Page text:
Cakes & Cupcakes, Desserts

Flag Cake

0 Comments 02 July 2014

I kind of have this thing where trying new things makes me nervous. Like, more than a little nervous. Like, perhaps we need some small baggies to breath into kind of nervous. This is partially because we only have a short amount of time to try new recipes for this site, and it costs extra money to try things over if mistakes happen. And I sometimes have a bit of low self-esteem when it comes to trying new things. Things like cutting innocent little cake layers in half! I mean, if we must do it to have a fun, pretty layered cake, we better actually do it right. Am I right? Yup. Am.

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One reason Sis Blogging Partner and I started this place was to encourage ourselves try new cooking things. When we saw the post for this Flag Cake recipe and technique on Food 52, we knew we had to try it. It looked fun, but it also looked like a lot of work. And butter. And eggs. And sugar. And BUTTER. Oh, and butter. Once you get past how much butter’s needed, though, well, that’s one hurdle. On to the next!

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Most of the actual work work is in making and baking the cake layers. Because you need to make five total. What’s that? Yeah. Five. Two red, two white and one blue. The red and white layers will get split into two thinner layers (giving you 8 of those total of which you will use 6…3 of each color…ack, math!), and the blue layer stays whole…until you have to cut a circle out of its center. You’ll see what that means below.

But dudes, it took me about four to four and a half hours of nonstop baking to bake the cake layers alone, and that does NOT include all of the cooling time. Methinks that’s enough to label this a two-day recipe, or at the very least an all-day recipe including the assembling and frosting of the cake. You might have time for a bathroom break or two. If you’re quick.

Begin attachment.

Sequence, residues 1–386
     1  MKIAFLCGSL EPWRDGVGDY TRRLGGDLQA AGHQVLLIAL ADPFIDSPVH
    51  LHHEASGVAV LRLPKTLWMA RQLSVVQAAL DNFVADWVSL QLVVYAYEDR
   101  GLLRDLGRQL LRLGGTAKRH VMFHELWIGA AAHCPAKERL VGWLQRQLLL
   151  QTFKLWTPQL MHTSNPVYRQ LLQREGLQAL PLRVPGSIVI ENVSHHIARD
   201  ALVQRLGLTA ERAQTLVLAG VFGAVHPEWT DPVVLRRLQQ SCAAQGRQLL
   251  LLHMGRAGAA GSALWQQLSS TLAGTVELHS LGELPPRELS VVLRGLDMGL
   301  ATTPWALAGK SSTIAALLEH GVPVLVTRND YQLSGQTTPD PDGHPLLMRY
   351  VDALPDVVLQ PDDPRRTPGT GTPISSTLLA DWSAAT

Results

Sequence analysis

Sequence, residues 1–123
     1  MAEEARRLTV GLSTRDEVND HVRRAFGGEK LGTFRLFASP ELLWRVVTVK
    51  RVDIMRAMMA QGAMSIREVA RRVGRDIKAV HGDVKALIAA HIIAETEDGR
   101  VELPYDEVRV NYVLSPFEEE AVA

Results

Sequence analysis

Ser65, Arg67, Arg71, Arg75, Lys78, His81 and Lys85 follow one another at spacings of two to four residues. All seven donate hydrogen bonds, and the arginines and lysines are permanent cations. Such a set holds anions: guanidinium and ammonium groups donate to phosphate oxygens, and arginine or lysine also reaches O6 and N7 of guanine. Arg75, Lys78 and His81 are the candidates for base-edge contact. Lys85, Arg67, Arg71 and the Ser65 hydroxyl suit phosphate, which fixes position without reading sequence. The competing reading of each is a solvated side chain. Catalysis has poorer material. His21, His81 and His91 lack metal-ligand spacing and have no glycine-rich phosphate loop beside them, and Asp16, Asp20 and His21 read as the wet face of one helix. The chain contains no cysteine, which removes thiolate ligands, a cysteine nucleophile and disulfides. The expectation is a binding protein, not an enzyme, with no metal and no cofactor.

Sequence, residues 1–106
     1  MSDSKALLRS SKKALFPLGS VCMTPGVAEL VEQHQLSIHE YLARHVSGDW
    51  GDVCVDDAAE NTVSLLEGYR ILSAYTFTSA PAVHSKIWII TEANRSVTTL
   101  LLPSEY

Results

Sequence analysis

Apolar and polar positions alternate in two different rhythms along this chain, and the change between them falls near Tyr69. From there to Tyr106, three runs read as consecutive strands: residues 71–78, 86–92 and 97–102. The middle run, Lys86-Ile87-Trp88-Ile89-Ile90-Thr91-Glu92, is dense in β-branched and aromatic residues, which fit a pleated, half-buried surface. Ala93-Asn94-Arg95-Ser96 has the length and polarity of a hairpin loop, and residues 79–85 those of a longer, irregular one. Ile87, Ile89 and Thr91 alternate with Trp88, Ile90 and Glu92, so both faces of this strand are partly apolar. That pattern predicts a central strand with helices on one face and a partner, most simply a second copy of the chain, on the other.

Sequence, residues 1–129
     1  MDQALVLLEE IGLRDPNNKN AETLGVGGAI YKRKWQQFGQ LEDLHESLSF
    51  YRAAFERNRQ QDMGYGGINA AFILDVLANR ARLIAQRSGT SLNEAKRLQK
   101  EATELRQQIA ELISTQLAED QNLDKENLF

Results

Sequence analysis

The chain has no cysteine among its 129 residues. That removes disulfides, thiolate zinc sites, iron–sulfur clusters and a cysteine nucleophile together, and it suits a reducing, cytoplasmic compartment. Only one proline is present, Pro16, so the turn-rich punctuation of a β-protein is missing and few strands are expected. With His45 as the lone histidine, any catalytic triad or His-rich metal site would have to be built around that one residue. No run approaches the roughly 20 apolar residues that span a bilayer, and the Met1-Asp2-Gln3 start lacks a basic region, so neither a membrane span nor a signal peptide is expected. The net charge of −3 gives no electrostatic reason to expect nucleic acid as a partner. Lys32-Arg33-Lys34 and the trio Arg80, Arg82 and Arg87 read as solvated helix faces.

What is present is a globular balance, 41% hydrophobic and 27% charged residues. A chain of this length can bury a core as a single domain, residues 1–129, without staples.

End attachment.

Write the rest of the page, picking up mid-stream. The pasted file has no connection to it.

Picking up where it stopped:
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A note on the colors: I just couldn’t get my red layers to be more than a dark pink…which, you know, no big, really. I used about half the tiny bottle of McCormick brand color and started to worry about side effects. (I’m kidding…but…yeah.) Unfortunately it didn’t occur to me till after the layer were baked to try a little cocoa powder, in effect turning the layers into red velvet cake. That’s the ingredient that really turned some red velvet whoopie pies we made a deeper red color. You can probably achieve a deeper blue color the same way, but maybe experiment with a small amount first. If you’re happy with that, add the cocoa a little at a time till your desired color is reached. Just don’t use too much.

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When you’ve freed your cake layers from their hot pan prisons, let them cool briefly on a rack, then when the bottom of the cake that’s facing upward is cool enough, place the flat of your hand across it, grasp the rack on the bottom, flip the cake over and let it rest and cool the rest of the way on its bottom. The tops are much more moist and will want to stick to the racks if you let them cool on those tender tops.